Gutfeld: The desire for legacy is a bad thing

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Here is the problem with legacy: You'll sacrifice stuff that is not even yours to get it. Take President Obama's Iran deal, when he gave the shirt off his back and ours too. Politico just published a piece detailing how President Obama sugarcoated the prisoner swap with Iran in order to preserve the nuke deal that he so badly wanted. I know, I know. He's no longer president, but neither is Lincoln and I just saw a movie on him, so we are going to talk about it.

So who did President Obama hand over? Guys who gave Iran materials for missiles, who smuggled assault rifles to Iran, who may have scored for Iran thousands of parts for the uranium centrifuges.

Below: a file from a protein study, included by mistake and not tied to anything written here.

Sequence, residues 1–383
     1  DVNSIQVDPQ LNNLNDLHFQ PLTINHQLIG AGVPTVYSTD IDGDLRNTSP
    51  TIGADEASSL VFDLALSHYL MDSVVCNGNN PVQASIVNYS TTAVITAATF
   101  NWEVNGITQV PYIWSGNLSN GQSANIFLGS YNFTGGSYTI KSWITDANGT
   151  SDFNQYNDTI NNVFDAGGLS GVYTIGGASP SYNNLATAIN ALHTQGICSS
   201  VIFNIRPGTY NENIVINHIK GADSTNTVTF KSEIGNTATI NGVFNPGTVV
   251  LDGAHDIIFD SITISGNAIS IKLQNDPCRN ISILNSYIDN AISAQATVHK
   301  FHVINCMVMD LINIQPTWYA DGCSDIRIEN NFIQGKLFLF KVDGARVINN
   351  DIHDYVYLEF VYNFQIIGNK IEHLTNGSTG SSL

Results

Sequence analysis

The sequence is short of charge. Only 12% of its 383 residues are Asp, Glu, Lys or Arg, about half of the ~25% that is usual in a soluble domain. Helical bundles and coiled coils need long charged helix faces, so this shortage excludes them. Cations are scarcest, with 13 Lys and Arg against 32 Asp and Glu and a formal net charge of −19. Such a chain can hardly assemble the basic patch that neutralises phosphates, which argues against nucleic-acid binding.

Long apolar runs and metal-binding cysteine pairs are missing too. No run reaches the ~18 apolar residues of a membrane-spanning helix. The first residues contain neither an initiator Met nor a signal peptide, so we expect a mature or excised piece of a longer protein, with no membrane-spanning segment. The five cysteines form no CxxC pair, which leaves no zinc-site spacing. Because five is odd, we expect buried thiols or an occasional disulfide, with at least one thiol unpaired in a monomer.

And get this: We refer to these guys as businessmen. Maybe so. Using that logic, a serial killer is a businessman too. He is in the business of serial killing. It is funny the White House deceiving us by calling these criminals "businessmen." Probably the first time in history a liberal used that label as a compliment. If you're an American businessman, you're a selfish jerk. But if you sell missiles to Iran, you're a go-getter.

But legacies aren't just selfish, they're dangerous too. Iran knew what President Obama wanted, which prevented him from striking a tough deal. He was like a poker player whose mirrored sunglasses showed everyone his hand. Maybe that's why having a 70-year-old billionaire as a president isn't such a bad thing. Why does he need a legacy? He's got his name on enough things already.